Your car would probably be nothing without your windshield. It’s not only there to create a clear line of sight for the road ahead, but also helps shield you from environmental hazards around you. Obviously, if your windshield is damaged, then you’re putting yourself at risks of accidents and a lot of potential losses. Therefore, it’s always important to repair any damage to your windshield expediently. However, this could get expensive quickly.
To afford repairs to your windshield, you’ll probably wonder whether your car insurance can help out. Though it can in some circumstances, it won’t in others. Always talk to your agent to determine exactly how your plan might be able to help you out.
Auto Insurance for Windshield Damage
Your car might sustain windshield damage in a variety of hazards. For example, it might be shattered by a tree falling on it during severe weather. Or, perhaps if you have an accident, it sustains damage in the collision. In situations like these, your car insurance might be able to help you out. However, it might only do so if your policy contains appropriate coverage.
Most auto insurers don’t automatically cover physical damage to vehicles under their most basic policies. However, you can add it to your plan through two lines of optional coverage:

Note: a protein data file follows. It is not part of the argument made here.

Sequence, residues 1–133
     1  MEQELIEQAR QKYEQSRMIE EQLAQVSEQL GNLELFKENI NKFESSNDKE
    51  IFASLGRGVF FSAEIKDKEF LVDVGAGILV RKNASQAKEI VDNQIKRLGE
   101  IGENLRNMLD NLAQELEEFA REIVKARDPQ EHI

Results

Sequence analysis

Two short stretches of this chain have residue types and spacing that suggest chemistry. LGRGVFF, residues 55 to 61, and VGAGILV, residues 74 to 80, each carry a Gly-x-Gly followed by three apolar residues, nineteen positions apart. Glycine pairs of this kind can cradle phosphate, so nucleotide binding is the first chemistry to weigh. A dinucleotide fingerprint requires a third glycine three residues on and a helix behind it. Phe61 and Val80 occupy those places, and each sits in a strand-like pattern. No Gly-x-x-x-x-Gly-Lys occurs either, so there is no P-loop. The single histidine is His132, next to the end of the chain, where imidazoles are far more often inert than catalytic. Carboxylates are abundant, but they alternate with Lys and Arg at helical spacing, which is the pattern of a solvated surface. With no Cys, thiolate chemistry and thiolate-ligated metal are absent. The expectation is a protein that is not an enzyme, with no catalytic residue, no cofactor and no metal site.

- To cover your car’s damage from a wreck, you’ll need collision insurance on your policy.
- For damage that results from non-accident hazards, such as fires, theft, vandalism or severe weather, you’ll need a separate line of coverage called comprehensive coverage.
Keep in mind, your plan will include deductibles on collision and comprehensive damage. That means that your policy will only begin to pay for a claim if it costs more than the deductible value.
Suppose, for example that you have a windshield that is worth $1,000 but you carry a $1,500 deductible on your policy. The cost to replace the windshield will be less than the cost of the deductible. Therefore, your plan won’t pay.
However, some policies insure windshield glass separately from your standard collision and comprehensive coverage terms. Therefore, damage to the windshield (or any of the window glass in your vehicle) might not be subject to the same deductibles, limits and exclusions as other vehicle damage in certain cases. However, always call your insurer to verify where a certain instance of windshield damage falls under your coverage.
One type of windshield damage that your policy will not cover is normal wear and tear, warping, or cracks that develop for no apparent reason. As a result, it’s important to protect your windshield and have it repaired as necessary to keep it in prime condition.